What you need to know about - the Dakota Access Pipeline‎

FREQUENTLY ASKED QUESTIONS ON

Standing Rock Litigation

LAST UPDATED: SEPTEMBER 9, 2016, 5:00 PM PT

On the Dakota Access Pipeline and the Standing Rock Sioux Tribe’s lawsuit.

What happened on Friday, Sept. 9?

The decision by the federal agencies to halt any additional permitting and reconsider its past permits is a game-changer.
While the Court preliminarily rejected our legal claims, the government heard the Tribe’s call that the process was unfair. It will not issue additional permits needed to cross under the Missouri River, will review the permits it already granted, and urges the pipeline to stand down on any construction within 20 miles of the Missouri. Even more significantly, it recognized that the administration will revisit the whole way in which the government interacts with Indian Tribes on major projects like this one, as we have long advocated.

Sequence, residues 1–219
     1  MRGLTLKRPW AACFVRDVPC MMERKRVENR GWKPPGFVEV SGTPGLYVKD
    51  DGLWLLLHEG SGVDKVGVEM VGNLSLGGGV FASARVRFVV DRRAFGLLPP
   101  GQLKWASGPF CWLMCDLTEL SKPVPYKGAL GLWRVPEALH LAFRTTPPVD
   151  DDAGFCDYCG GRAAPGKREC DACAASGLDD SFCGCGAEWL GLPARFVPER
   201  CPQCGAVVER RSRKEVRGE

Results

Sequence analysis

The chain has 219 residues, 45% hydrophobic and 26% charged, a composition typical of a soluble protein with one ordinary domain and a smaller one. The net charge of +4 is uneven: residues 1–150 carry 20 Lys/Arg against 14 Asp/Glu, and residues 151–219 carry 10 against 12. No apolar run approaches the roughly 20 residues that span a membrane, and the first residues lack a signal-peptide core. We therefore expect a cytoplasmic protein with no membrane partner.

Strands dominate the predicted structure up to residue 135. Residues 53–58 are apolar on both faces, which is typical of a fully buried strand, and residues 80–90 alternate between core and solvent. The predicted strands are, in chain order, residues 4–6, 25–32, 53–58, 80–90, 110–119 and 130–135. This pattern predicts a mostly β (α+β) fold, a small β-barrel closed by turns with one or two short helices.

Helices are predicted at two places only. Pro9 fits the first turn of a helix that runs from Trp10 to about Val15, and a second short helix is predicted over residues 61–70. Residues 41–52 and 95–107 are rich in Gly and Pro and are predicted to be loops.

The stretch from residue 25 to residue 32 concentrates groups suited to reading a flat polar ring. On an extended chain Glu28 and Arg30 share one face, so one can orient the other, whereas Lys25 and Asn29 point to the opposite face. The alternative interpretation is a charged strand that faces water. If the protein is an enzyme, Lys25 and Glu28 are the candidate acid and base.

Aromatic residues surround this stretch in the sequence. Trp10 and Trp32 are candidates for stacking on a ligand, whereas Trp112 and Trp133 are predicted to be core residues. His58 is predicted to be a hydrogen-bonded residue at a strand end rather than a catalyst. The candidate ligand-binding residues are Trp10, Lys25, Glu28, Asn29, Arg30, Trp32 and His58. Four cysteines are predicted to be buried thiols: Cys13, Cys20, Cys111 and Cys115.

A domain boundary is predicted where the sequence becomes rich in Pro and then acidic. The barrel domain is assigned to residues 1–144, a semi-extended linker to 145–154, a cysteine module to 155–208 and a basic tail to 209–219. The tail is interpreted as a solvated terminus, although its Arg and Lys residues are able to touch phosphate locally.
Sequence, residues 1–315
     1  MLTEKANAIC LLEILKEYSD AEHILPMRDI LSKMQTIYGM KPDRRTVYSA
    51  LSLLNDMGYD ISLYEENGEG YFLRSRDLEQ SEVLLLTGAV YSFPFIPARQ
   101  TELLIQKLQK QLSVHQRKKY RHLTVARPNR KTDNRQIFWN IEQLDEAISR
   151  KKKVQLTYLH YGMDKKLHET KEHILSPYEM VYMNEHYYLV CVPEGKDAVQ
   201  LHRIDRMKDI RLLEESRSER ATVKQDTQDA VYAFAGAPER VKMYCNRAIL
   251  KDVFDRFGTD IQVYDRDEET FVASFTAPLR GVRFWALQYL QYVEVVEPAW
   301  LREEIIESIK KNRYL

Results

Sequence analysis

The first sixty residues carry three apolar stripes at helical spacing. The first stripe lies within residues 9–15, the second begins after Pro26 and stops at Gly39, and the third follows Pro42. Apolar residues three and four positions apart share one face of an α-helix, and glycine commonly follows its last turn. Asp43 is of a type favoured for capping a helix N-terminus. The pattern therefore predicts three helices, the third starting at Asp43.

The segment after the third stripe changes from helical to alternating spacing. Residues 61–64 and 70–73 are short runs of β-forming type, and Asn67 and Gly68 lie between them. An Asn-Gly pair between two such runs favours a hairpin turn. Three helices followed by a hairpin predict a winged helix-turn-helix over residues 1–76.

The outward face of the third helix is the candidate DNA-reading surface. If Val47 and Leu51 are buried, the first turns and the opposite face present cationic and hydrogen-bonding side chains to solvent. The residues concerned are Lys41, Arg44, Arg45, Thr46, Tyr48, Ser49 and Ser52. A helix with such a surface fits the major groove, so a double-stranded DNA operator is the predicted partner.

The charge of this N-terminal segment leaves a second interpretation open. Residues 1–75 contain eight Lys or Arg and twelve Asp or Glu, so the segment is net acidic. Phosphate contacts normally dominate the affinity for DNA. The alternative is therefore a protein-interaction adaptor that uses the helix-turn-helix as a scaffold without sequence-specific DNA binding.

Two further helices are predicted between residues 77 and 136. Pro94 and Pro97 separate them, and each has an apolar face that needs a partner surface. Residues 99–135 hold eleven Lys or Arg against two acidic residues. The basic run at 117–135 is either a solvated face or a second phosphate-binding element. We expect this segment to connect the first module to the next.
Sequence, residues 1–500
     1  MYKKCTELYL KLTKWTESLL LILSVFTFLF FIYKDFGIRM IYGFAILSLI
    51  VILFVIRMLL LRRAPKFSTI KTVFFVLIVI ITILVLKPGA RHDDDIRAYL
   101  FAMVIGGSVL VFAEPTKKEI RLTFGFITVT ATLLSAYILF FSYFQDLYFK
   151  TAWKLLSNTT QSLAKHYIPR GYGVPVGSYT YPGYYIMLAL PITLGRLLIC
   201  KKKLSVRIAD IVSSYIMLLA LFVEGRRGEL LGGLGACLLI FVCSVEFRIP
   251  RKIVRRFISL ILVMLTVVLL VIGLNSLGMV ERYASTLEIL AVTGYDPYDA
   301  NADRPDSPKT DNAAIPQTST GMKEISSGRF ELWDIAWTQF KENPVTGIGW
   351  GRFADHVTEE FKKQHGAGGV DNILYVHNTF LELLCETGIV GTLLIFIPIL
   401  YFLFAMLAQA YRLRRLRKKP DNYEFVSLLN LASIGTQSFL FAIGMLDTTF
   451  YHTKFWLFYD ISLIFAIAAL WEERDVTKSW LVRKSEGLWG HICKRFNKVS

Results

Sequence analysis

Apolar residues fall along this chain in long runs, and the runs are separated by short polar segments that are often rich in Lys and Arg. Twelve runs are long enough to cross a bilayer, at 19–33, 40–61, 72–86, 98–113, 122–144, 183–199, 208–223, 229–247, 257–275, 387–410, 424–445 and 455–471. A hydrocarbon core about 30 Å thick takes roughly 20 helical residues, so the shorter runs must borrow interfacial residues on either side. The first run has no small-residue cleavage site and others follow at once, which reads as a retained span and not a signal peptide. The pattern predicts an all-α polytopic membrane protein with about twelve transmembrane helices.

The decision gives everyone a much-needed “time out” at Lake Oahe and an opportunity to rethink both this pipeline and the broader way in which we approach such projects. While the legal fight will surely continue for now, the Administration has opened the door for genuine problem solving.
“Our hearts are full, on this historic day for the Standing Rock Sioux Tribe and for tribes across the nation,” said David Archambault II, chairman of the Standing Rock Sioux Tribe. “Native peoples have suffered generations of broken promises and today the federal government said that national reform is needed to better ensure that tribes have a voice on infrastructure projects like this pipeline.”

Where can I find statements from the Standing Rock Sioux Tribe?

Please check the Standing Rock Sioux Tribe’s Facebook page for regular statements and updates.
“I want to take a moment and reflect on this historic moment in Indian Country,” said David Archambault II, chairman of the Standing Rock Sioux Tribe, in a press release issued by the Tribe on Friday. “But I know that our work is not done. We need to permanently protect our sacred sites and our water. There are areas on the construction route that do not fall within federal jurisdiction, so we will continue to fight.”
In advance of Friday’s court decision, the Tribe had issued several statements:

You may also like

Leave a comment